The panel smelled of prestige. The plush venue, the main theatre of The Academy of Motion Picture Arts and Sciences in Beverly Hills, was grand – huge golden replicas of Oscar flanked the stage on either side, gazing benevolently down on row after red velvet row of eager ears. On the dais were names like Mel Stuart, David Grubin, and David Wolper – many an Emmy and Peabody among them.
The topic, one of many presented at the third International Documentary Congress, was historical and biographical documentaries, and with the accumulated expertise on stage – including Susan Lacy from American Masters and Laurence Rees from BBC’s Reputations – the audience could have been in for some valuable tutelage. It’s too bad the topic deteriorated into `Let’s Bash Broadcasters, Especially Cable.’ It was a waste.
Moderator Wolper’s first question was: ‘Can we make documentaries today at the prices available?’ and long-time collaborator Robert Guenette launched into a parable, casting filmmakers in the role of sharecropper. The audience was treated to a treatise on ‘economic rape.’ I believe I blushed when Mel Stuart said he wishes cable ‘would lose some of that profit-making mentality.’
Now, I would heartily agree that broadcasters devoid of a public service mandate are nothing short of a cultural ill, and I also agree with Guenette that the establishment of PBS, beloved as it is, gave mainstream American television an excuse to push all its social responsibility over there.
However, the young and emerging filmmakers in the audience cannot afford to be bitter if they want to make their films. They live in the reality of 1998, and they understand that cable, like the networks, is run by capitalists, not Benedictine monks. They must be smarter – and they are, because many of them are making documentaries today at the prices available.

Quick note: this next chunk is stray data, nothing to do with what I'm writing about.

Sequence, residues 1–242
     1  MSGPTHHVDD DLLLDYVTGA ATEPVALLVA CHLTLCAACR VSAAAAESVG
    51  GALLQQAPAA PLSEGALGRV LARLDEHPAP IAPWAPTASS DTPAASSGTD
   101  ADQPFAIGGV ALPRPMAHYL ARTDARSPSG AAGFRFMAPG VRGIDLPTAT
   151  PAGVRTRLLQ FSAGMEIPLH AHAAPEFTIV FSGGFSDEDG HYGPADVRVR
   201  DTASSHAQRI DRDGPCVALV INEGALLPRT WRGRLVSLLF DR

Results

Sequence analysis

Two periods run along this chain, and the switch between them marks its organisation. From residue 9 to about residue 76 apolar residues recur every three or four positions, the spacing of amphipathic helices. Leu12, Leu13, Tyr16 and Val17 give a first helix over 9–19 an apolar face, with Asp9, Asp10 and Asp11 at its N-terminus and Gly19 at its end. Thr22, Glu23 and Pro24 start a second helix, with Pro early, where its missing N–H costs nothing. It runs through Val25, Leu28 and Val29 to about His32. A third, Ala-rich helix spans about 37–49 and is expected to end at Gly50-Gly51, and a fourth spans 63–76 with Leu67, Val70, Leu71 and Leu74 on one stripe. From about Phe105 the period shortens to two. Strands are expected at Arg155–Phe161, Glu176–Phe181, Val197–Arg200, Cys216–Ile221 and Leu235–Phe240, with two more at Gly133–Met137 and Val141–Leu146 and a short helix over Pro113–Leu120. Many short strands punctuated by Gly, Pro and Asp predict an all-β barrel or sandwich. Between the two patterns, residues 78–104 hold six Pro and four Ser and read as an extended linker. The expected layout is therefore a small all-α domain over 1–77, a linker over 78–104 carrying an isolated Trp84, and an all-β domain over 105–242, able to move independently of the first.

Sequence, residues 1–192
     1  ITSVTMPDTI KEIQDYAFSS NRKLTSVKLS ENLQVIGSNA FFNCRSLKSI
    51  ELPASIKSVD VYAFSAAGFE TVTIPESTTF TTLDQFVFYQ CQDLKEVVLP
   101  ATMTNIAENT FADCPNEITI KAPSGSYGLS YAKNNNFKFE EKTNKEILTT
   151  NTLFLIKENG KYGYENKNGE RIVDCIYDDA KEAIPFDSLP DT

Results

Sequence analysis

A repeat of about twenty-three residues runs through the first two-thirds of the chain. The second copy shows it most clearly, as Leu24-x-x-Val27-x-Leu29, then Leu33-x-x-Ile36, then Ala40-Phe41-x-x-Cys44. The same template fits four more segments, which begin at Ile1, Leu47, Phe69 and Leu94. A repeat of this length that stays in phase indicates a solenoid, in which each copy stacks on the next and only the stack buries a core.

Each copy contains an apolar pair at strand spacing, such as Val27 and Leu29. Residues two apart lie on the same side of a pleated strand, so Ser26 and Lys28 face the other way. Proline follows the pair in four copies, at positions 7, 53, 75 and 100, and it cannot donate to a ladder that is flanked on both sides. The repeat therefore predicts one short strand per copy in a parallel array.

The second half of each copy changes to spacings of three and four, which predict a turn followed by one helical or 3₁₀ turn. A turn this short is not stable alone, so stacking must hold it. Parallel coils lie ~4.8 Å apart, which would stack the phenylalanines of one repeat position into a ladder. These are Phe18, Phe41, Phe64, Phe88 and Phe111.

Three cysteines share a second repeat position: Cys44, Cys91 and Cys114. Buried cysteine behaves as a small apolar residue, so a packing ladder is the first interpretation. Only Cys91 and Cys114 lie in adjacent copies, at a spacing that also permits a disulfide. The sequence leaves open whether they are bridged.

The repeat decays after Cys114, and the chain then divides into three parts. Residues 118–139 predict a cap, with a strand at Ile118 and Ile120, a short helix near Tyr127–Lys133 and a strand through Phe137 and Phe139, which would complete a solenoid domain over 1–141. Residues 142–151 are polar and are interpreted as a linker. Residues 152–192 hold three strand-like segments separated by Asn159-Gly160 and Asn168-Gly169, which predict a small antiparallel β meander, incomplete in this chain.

It is grievous that broadcasters in general have no mandate to enlighten or educate, and that the audience for what a panelist called ‘pornographic documentaries’ is out there in such full-force. They keep the stuff on the air. But that’s the way it is for now, and there are still droves of up-and-coming producers and filmmakers out there, intrepid in the face of it. They are as unlikely to be deterred today as the panelists were in their day. The braintrust on that panel could have done much to encourage excellence in the face of callous bottom lines, but instead they spent the audience’s time venting frustration at things not being the way they used to be. Anyone trying to make a living, let alone a legacy, in the business knows that all too well.
Mary Ellen Armstrong